Prince George 's County Executive Jack B. Johnson Delivers State of the Economy Address
Carla Peay | 4/1/2009, 4:26 p.m.
Prince George's County Executive Jack Johnson using overhead chart to illustrating success in Prince George's County at the Prince George's State of the Economy Photo by Maurice G. Fitzgerald
Let me remind you of just how far we've come on the education front. In six years, we have opened 11 new schools; hired additional teachers and improved their salaries; reduced class sizes; and made significant investments in early childhood education.
The heart of my administration has always centered around two main goals: bringing crime down and moving education forward. In both, we have invested the necessary resources to achieve these goals. Two months ago, Governor Martin O'Malley boasted that Maryland was ranked number one in education by Education Week Magazine.
As we go forward, let me talk a little bit about some of the challenges we now face.
As a result of our 113 million dollar deficit, two weeks ago, I unveiled a budget that will require great sacrifices. Although our revenues are 93 million dollars less than last year, our proposed budget allows us to make investments in all core areas of our county. I want you to know that closing a deficit this large is very difficult.
In order to balance this budget, we are taking a number of steps to reduce spending:
- We will continue the 14-month-old hiring freeze.
- We will continue the 10-day government-wide employee furloughs for a second year.
- There will be no merit or cost-of-living wage increases.
- County agencies will be required to reduce spending by 10 percent;
- Unfortunately, we can not avoid laying off 307 county employees
- And reducing funding to the Board of Education.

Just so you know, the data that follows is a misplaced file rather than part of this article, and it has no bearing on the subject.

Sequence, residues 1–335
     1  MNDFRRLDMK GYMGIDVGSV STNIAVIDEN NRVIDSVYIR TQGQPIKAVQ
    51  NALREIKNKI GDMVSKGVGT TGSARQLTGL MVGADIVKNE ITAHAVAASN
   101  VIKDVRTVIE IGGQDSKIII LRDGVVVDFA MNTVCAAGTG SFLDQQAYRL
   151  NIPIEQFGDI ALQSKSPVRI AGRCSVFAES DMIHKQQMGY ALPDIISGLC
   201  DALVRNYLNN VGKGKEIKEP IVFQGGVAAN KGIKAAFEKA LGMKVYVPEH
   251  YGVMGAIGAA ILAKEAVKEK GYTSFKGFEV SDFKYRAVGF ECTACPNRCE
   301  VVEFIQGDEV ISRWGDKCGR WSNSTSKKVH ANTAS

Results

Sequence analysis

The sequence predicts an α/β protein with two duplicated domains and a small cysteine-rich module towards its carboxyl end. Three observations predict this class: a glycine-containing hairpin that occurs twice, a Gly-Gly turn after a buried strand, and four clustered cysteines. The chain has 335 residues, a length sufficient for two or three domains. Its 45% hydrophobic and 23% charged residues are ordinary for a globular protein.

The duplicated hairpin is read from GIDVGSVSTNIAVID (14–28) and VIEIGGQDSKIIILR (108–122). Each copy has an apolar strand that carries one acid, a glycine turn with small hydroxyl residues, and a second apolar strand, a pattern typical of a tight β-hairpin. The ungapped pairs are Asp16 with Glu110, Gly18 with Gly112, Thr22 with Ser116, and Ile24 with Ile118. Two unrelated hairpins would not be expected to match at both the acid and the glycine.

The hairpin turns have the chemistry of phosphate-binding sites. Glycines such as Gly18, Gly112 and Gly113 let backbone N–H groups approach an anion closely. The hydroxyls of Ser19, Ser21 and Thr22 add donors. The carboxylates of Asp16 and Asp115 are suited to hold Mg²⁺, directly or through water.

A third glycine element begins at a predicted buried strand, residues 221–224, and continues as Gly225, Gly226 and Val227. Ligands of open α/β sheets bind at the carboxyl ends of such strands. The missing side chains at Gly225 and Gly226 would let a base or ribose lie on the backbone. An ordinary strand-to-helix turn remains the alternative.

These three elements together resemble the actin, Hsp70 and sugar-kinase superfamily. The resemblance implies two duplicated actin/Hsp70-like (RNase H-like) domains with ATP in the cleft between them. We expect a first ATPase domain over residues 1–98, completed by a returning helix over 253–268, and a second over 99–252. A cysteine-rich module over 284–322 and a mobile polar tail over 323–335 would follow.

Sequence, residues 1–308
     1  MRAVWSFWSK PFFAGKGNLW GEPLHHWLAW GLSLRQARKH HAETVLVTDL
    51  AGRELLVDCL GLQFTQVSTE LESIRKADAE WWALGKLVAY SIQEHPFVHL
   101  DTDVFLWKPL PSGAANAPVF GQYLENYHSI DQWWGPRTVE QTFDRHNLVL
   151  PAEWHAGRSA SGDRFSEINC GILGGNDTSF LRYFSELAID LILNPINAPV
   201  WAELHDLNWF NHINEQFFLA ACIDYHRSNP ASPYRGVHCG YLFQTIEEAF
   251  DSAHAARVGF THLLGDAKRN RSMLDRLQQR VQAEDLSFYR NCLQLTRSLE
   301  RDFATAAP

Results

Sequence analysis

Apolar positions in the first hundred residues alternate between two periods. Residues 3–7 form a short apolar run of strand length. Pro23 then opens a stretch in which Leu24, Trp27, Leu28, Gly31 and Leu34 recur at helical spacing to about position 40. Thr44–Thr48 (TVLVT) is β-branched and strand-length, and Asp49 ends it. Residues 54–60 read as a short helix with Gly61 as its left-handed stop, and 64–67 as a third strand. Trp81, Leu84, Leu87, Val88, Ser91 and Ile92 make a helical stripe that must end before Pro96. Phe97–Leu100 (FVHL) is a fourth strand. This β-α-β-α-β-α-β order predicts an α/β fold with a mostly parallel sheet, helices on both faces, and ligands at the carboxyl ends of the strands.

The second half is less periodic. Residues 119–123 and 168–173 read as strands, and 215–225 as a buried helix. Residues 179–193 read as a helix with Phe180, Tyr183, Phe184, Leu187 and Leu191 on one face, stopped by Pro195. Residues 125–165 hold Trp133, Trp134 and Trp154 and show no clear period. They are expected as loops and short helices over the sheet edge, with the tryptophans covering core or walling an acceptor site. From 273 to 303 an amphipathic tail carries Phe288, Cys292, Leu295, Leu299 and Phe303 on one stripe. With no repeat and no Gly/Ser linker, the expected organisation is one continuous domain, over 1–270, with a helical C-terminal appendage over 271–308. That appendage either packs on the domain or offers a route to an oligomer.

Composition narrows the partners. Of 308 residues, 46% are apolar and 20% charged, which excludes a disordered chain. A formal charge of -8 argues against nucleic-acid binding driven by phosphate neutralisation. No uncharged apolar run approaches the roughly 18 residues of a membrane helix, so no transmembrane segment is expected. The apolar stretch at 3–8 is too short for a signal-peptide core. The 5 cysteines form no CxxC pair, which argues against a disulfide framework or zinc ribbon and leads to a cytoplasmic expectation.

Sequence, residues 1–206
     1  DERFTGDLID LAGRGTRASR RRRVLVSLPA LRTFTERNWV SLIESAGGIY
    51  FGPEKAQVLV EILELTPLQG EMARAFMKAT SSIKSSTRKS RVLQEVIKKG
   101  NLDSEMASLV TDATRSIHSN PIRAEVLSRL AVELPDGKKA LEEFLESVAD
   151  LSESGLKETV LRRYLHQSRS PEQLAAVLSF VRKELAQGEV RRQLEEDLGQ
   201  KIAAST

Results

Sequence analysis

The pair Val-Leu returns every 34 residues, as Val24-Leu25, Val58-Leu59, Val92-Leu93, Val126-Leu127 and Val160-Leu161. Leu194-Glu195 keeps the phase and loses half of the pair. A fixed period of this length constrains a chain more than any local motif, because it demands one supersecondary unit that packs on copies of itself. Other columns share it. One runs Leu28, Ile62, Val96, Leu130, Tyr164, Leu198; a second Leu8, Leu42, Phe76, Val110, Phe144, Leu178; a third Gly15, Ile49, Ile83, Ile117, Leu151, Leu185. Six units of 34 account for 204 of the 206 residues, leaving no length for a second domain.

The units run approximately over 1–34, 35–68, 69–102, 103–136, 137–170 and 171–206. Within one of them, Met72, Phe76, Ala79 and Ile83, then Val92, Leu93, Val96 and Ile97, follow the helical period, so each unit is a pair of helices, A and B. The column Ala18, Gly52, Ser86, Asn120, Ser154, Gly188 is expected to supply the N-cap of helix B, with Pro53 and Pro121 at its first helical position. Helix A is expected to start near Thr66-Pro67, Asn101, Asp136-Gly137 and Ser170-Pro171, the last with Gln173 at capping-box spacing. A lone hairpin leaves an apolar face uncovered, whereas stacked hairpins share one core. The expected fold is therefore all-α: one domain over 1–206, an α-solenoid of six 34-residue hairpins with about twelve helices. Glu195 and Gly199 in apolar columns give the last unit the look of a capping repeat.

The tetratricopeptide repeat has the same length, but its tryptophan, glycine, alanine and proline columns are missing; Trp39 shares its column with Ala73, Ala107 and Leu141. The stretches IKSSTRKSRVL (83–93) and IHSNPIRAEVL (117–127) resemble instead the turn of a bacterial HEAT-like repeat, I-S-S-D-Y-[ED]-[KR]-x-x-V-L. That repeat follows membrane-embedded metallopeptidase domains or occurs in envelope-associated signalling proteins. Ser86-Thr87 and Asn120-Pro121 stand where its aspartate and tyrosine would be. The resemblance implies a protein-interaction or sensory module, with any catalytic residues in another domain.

Hopefully, this is not my final budget. The General Assembly is still in session and we are pressing our case to the Prince George 's County Delegation and to the Governor for additional revenues -- that will allow us to rescind some of the cuts in our proposed budget.
Despite these difficult times, we must continue to make investments in every area of community life, including economic development. In order for us to continue to be competitive in the region and maintain excellence, we must increase and diversify our tax base. To accomplish this, we must attract visitors and conventions, and provide loans and other financial resources to attract and retain businesses-both large and small.
We must position ourselves to take advantage of the unique opportunities created by the emerging world markets. We must continue to focus on international markets and understand that there are great opportunities in Asia and Africa. No county of our size, with the business acumen and a growing international community can afford to be left out of the global marketplace. As long as I am county executive, we will continue to move forward.
I know that the times we are in are tough. However, history has taught us that tough times don't last forever. As a result of our county's progress over the last seven years, we are well positioned to address the challenges that we face.